This past weekend at Midwest PHP my friend and author of Undisturbed REST, Mike Stowe, gave me a copy of his book. I was quiet excited to get my hands on it as he had mentioned it to me a number of times previously. I also had the pleasure of attending one MuleSoft’s workshops the week prior to the conference and to learn more about the company he works for along with the software that they provide.
The beginning of the book starts out with a little history of how APIs have become what they are today, including a little back history on SOAP returning XML and how we wound up using JSON as a response, not to mention the future of potentially returning YAML as well. From there Mike moves on to discussing the planning stage of your API. Though he quickly goes over the planning stage in the chapter he leaves you with many questions that will be answered in the coming chapters.
After planning and talking with your stake holders, which can be anything from end users or even internal users of you api, we move into designing your spec. He coins the term Spec Driven Development (SDD) which he uses a number of times through out the book. Though it’s not a new topic, it is very similar to Design Driven Development where you plan out your api before even righting a single piece of code to return data. By going about this route, it provides you a quick feedback cycle while in the beginning stage of your API.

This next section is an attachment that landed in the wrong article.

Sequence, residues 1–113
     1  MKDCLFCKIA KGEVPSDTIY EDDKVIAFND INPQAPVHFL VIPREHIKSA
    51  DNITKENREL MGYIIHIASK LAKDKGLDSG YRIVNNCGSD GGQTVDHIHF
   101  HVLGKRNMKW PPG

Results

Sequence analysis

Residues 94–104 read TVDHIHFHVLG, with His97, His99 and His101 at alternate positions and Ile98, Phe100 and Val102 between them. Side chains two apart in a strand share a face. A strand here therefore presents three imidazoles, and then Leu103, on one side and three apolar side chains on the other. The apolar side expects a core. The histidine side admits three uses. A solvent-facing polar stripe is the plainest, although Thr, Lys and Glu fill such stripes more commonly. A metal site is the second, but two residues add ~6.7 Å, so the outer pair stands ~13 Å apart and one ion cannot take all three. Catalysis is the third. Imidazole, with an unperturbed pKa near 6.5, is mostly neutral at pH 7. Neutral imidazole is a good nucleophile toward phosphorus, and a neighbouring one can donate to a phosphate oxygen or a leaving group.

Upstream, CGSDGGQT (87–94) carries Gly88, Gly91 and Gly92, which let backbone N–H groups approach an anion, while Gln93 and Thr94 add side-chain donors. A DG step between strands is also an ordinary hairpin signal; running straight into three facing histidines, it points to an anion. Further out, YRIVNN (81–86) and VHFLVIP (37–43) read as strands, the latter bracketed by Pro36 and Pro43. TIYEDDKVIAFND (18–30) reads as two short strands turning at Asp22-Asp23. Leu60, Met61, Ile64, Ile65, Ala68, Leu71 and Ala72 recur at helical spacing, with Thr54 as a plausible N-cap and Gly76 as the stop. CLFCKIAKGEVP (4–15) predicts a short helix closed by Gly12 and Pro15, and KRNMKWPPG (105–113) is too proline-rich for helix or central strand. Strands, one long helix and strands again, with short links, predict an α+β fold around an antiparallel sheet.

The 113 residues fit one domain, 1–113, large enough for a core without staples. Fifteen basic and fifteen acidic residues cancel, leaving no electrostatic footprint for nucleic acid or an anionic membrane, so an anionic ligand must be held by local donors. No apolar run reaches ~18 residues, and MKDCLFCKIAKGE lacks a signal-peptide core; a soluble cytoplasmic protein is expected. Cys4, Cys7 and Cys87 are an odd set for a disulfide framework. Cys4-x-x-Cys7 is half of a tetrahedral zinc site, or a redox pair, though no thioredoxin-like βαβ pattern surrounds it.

Once we have moved past the planning and designing stage we move into authorization and authentication. Unfortunately this chapter feels a bit bland and boring. Though I don’t feel it’s the authors fault. Security is not really my cup of tea, but do feel it’s a topic which needs to be gone over. He does a really good job of explaining the different types of authentication and why you should use one over the other. That said, within the entire chapter, there are only two to three paragraphs that actually talk about the implantation.
I think my favorite chapter of the book is actually where we get into the nitty gritty of your API, designing your resources. This chapter talks about how to name your endpoints, accepting of content-types, to version or not to version your API along with how, and finally covering caching of your API.
Overall it’s a fantastic book for anyone who is looking to build their first API and wondering where to start. The entire book builds on itself from the planning, design, implantation, to managing your API. The only downside to the book is at times it feels it tries to sell the MuleSoft services too much vs talking about other services available. I understand why it does it and I’m ok with it. But if you are looking for a book which compares and contrasts other services, you should still take a look at the book. There are plenty of concepts and ideas which can transfer to other services out there